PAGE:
Tuesday, May 1, 2012

Bulguksa Temple

Name : Bulguksa

Location :

The temple is located on the slopes of Tohamsan, in Jinheon-dong, Gyeongju, Korea

History :

The temple's records state that a small temple was built on this site under King Beopheung in 528. The Samguk Yusa records that the current temple was constructed under King Gyeongdeok in 751, begun by Prime Minister Kim Daeseong to pacify the spirits of his parents. The building was completed in 774 by the Silla royal court, after Gim's death, and given its current name Bulguksa (Temple of the Buddha Land).

After this the temple was destroyed in Imjin wars and renovated during Goryeo dynasty. Since then the temple had undergone numerous renovations till 1973 bringing Bulguksa to its current form.

Architecture :

The entrance to the temple, Sokgyemun, has a double-sectioned staircase and bridge (National Treasure No. 23) that leads to the inside of the temple compound. The stairway is 33 steps high, corresponding to the 33 steps to enlightenment.

There are two pagodas on the temple site, which is unusual. The three-story Seokgatap (Sakyamuni Pagoda) which stands at 8.2 meters is a traditional Korean-style stone pagoda with simple lines and minimal detailing.
Seokgatap pagoda

Seokgatap is over 13 centuries old. Dabotap (Many Treasure Pagoda) is 10.4 meters tall and dedicated to the Many treasures Buddha mentioned in the Lotus Sutra. In contrast to Seokgatap, Dabotap is known for its highly ornate structure. Its image is reproduced on the South Korean 10 won coin. Dabotap and Seokgatap are Korean National Treasures nos. 20 and 21, respectively.

Dabotap Pagoda
Other National treasures on the temple include

Treasure No.22 : It includes The Yeonhwagyo (Lotus Flower Bridge), Chilbogyo (Seven Treasures Bridge), Anyangmun (Peace Enhancing Gate) and Geuknakjeon (the Hall of the Pure Land)

Treasure No.23 : It includes The Cheongungyo (Blue Cloud Bridge) and Baegungyo (White Cloud Bridge). The Blue Cloud Bridge makes up the lower span of the stair while the White Cloud Bridge is the upper part. The bridges lead to the Jahamun (Golden Purple Gate) which leads to Sakyamuni Hall. There are 33 steps on the stairway, which slopes at a 45 degree angle, and each step corresponds to one of the 33 heavens of Buddhism. The lower Blue Cloud Bridge has seventeen steps while the upper White Cloud Bridge has sixteen.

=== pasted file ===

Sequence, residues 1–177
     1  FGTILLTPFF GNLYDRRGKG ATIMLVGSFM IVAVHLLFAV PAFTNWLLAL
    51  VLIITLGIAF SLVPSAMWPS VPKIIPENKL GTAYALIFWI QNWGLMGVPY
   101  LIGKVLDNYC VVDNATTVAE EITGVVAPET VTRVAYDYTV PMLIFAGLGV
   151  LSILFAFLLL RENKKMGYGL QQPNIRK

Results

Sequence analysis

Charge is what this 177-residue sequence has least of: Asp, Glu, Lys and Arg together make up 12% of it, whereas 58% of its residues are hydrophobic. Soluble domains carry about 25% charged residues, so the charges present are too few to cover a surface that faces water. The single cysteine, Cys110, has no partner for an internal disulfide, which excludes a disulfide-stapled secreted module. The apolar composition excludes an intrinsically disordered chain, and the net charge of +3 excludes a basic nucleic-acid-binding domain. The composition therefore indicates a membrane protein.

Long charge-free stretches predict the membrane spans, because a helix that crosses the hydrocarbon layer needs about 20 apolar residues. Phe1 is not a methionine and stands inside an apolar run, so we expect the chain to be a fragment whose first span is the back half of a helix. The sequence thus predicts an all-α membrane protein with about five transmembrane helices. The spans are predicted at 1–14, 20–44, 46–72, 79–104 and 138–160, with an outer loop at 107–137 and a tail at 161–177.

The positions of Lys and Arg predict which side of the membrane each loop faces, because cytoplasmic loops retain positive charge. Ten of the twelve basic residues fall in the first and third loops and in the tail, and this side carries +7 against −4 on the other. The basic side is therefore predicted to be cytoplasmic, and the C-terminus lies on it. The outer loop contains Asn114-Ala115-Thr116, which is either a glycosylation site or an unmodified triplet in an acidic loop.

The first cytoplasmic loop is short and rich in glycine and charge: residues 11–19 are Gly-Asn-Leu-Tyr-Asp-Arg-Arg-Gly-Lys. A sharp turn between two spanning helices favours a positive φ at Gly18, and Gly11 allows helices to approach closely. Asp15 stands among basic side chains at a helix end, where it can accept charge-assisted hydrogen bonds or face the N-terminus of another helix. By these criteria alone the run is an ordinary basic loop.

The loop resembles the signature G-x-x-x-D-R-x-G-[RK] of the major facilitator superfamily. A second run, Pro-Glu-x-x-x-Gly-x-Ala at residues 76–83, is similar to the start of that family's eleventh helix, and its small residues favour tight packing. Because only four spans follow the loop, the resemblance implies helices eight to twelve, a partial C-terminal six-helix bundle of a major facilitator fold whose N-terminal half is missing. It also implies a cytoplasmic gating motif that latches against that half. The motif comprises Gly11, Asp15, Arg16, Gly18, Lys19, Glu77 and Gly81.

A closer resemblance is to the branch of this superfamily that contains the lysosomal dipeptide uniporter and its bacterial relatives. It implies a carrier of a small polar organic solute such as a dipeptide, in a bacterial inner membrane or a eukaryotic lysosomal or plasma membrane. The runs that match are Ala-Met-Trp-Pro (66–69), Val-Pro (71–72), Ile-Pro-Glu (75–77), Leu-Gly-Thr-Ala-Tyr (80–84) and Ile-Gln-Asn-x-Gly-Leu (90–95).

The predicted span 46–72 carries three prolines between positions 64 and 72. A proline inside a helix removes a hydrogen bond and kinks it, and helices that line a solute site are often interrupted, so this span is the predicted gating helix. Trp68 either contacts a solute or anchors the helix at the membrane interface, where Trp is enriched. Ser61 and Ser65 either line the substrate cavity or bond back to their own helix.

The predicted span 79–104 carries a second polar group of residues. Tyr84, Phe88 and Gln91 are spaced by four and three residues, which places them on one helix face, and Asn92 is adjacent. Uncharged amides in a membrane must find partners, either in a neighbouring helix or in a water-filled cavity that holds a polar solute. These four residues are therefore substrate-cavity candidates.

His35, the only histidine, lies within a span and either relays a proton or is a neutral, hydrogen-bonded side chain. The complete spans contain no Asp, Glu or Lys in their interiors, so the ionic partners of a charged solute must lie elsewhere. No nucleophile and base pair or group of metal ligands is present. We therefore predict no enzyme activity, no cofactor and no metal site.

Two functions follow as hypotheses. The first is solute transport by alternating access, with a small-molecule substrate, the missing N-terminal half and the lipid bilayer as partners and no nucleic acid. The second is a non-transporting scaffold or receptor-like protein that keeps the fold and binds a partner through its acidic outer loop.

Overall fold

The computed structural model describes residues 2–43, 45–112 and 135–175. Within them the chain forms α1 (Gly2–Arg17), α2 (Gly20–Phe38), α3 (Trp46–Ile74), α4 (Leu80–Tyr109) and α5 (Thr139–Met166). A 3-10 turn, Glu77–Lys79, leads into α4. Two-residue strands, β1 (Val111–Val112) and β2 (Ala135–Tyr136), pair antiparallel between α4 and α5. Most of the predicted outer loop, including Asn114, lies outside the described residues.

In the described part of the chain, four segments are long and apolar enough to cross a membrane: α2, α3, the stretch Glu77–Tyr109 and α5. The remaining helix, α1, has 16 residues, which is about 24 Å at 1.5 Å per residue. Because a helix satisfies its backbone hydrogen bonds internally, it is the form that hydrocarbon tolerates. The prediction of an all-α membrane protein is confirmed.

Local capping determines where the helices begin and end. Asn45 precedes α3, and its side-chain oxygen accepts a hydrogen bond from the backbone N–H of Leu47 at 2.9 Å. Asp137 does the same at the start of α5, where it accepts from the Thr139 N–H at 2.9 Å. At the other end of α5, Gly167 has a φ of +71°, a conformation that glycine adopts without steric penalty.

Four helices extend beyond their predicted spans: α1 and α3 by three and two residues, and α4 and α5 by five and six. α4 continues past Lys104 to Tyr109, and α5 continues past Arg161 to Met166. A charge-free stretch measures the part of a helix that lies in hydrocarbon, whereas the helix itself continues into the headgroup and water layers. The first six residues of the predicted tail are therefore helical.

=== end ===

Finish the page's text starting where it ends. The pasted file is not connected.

The Blue Cloud and White Cloud Bridges are in the foreground while the Lotus Flower and Seven Treasures Bridges are in the background.

Treasure No.26 : Bulguksa geumdong birojana buljwasang (Gilt-bronze Vairocana Buddha of enlightenment Statue). The robes of the Buddha are highly detailed and the simulation of folded cloth rippling down from the shoulder to the lap is done with high skill. The hands of the Buddha are in a position, the right index finger covered by the left hand, which often is used to symbolize the Buddha of Enlightenment.

Treasure No.27 : Bulguksa geumdong amita yeoraejwasang (The seated gilt-bronze Amitabha Buddha statue)

Treasure No.61 : This sarira pagoda, or stupa, looks like a stone lantern. ( A sarira is a container for the relics or remains of famous priests or royalty. It is said that this sarira contained the remains of eight priests or a queen)

Sarira Pagoda

Description :

Bulguksa is a head temple of the Jogye Order of Korean Buddhism in the North Gyeongsang province in South Korea.

It is home to seven National treasures of South Korea, including Dabotap and Seokgatap stone pagodas, Cheongun-gyo (Blue Cloud Bridge), and two gilt-bronze statues of Buddha. The temple is classified as Historic and Scenic Site No. 1 by the South Korean government.In 1995, Bulguksa was added to the UNESCO World Heritage List together with the Seokguram Grotto, which lies four kilometers to the east.

The temple is considered as a masterpiece of the golden age of Buddhist art in the Silla kingdom. It is currently the head temple of the 11th district of the Jogye Order of Korean Buddhism.

Among the earliest woodblock prints in world, a version of the Dharani sutra dated between AD 704 and 751 was found there in 1966. Its Buddhist text was printed on a 8-×-630 cm (3.1-×-250 in) mulberry paper scroll.

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